# Birthday puzzle

A few days back, I called up an old friend Anamika to wish her happy birthday and she told me that she was out having lunch with her neighbor who also has the exact same birthday!! That got me thinking about what is the probability of such a coincidence happening. Here is a puzzle from that thought process.

If you are mathematically oriented, try solving it. If not, take a guess and see how it compares with the right answer. My guess is that the guess is going to be much larger than the actual number.

Simply put, what is the minimum size of a class where the probability that there is at least one birthday that is shared by two students is more than 50%?

Put in details, if you have two students in a class, the chance they will have the exact some birthday is 1/365. If a third student comes in, there is a higher probability of two of them having the same birthday. If a fourth student comes in, the probability increases further. At what size of the class do you have a 50-50 chance of a birthday being repeated?

Arup Dharon180

Rajib RoyonTagging Anamika

Rajib RoyonArup, it is actually much lesser than that…

Prodipto ChatterjeeonChobbis hochhchhe toh. Oto calculator chalate parbo na. Permutation-er thakurda

Arup DharonWow

Lance BraswellonReal world application: http://rstudio-pubs-static.s3.amazonaws.com/2809_9480d6eccbb34d9593b4a22da0e3fbdb.html

Madhu Kotaon23?

Bob HartonThisis an exercise I had to do in CS class .. years ago

Prodipto ChatterjeeonYou are an atoll. Coral (things) do build up around you 🙂 birthday wish to probability

Anamika ChatterjeeonOk, I have seen this problem before and the answer is 23. Adding to the odds and since my birthday started this, I have always had a classmate who shared my birthday, a different one in school, high school and college. In my previous house, a neighbor’s daughter had the same birthday and my neighbor now ( who is mentioned in the problem) celebrates with me. To round it off, my cousin’s wife is also born on the same date. How likely is that!

Shiva ShenoyonI have never come across a single person in my life who shares the same birthday as me. I guess that makes me special 😉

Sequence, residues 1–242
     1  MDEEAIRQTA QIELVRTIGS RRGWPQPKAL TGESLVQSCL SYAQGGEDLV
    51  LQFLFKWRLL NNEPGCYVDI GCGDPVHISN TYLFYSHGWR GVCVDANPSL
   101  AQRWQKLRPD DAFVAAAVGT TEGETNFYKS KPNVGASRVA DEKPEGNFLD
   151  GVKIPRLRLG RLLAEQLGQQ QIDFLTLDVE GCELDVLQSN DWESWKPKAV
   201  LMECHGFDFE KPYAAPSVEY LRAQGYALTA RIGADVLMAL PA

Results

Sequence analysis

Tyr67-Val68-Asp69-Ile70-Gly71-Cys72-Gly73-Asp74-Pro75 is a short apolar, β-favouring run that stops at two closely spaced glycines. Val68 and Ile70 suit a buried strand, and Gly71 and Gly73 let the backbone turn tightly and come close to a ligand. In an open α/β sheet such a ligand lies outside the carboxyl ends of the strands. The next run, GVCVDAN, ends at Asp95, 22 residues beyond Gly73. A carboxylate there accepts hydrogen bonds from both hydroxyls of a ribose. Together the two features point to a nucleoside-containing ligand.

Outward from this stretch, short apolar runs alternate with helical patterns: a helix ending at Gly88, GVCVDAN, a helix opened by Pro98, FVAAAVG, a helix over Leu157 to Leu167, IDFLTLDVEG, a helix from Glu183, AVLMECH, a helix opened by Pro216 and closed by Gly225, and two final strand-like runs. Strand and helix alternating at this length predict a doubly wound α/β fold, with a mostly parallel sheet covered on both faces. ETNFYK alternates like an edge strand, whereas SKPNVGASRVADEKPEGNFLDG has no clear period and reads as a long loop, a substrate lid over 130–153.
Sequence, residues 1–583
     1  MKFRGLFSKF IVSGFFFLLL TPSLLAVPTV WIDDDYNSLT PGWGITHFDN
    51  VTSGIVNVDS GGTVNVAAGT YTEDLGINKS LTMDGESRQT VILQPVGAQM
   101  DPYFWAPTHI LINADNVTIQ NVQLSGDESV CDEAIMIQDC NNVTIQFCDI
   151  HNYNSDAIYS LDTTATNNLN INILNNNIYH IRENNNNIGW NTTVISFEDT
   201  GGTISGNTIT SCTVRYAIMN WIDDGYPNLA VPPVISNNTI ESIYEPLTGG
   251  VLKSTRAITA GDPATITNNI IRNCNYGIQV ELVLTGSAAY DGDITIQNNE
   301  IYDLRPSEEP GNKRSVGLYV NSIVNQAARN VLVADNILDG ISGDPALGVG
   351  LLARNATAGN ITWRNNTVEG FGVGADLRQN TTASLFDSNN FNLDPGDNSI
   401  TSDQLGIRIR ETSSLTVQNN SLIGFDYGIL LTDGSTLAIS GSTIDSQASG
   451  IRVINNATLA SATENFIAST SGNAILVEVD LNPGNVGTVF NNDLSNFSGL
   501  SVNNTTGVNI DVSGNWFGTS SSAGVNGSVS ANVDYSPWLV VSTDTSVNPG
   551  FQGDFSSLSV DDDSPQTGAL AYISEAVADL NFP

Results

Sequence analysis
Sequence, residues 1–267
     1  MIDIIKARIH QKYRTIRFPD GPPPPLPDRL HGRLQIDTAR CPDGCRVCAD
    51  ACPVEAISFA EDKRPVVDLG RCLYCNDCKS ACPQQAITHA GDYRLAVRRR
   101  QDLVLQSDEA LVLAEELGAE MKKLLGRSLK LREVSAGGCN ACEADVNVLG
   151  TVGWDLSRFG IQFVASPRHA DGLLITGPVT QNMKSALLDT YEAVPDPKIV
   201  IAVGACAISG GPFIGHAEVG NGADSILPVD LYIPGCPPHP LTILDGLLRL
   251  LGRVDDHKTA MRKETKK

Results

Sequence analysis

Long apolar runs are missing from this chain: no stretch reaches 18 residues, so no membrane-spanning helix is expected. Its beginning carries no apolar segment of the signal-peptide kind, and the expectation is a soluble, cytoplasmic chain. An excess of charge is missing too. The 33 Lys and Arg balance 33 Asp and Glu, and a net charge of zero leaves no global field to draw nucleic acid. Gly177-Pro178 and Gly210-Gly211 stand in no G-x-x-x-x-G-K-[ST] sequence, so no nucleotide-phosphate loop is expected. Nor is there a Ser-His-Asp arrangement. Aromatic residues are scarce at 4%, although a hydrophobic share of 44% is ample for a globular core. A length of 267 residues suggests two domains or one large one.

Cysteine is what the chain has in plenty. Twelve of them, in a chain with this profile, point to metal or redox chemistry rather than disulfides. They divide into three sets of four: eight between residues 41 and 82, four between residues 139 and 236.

Rajib RoyonShiva, remember Raja and Giridhar from our i2 days? Both of them share your birthday. I know 3 more here in Atlanta if you want to know them 🙂

Shiva ShenoyonRajib Thanks for bursting my bubble! You are the only person I know that religiously tracks, and calls people on their birthday..long before FB made it easy to do so. Based on your postings, I am sure that will plan your travel schedule to wish people in person.

Rajib RoyonActually, mathematically, Shiva it works out… I wish about 2000 people happy birthday in a year. Assuming even distribution, 6 of them will be in any one day. And I know exactly 6 people born on Feb 1!!

Tammi Gagne' PerryonI want to be on the list for a personal visit on my birthday!!

Pratyush PaulonI know someone they are husband and wife and they share the same birthday, same birth year 🙂 probability of this happening is one in 259 million marriages….

Monica RiskayonI have two friends that share my birthday with me. They also live in Marietta and we celebrate together every year!

Hena MukherjeeonYes, Pratyush Paul, I also know them. Both are my very good friends..

Vinay SharmaonRajib, my answer is 20

Bijetri ChakrabortyonUncle,we have 46 students in our class,& 3 pairs share common birthday.

Arka Gangulyonif the number of student is 19 : the probability = [19^2-(19+18+17…+1)] /365 = (361-190)/365 = 46.8%.

If the number of student is 20 the probability = 52%.

My answer is 20.

Rajib RoyonAnswer to the puzzle is 23.

The way to think about this is the following – In a class of “n” students, the probability that a birthday is repeated is basically “1 minus the probability that everybody has a different birthday”. The probability that everybody has a different birthday is calculated the following way:

The first student can be born in any day.

The second student can then be born in any of the remaining 364 days

The third student can be then born in any of the remaining 363 days and so on…

So for “n” students, the prob that each has a different birthday is

365/365 * 364/365 * 363/365 * 362/365 * … * (365-n+1)/365

The probability of a repeat of a birthday is 1 minus the above.

Plugging in values of n, you will see that at 23, the “1 minus the expression above” crosses 0.50

Ramesh, Devashish, Madhu and Anamika got it. (also the latter two posted their answers in the Comments section again)

Vinay SharmaonMy logic is same as logic of Arka Ganguly, and the answer is 20

Rajib RoyonAnd both of you would be equally wrong 🙂

Dilesh Bansalonsince the answer to this is already out, i was curious to push this a bit further…a class size of 49 is more likely to have 3 pairs of common birthdays (22% chance) compared to just 1 or 2 pairs, explaining the observation in Bijetri’s class.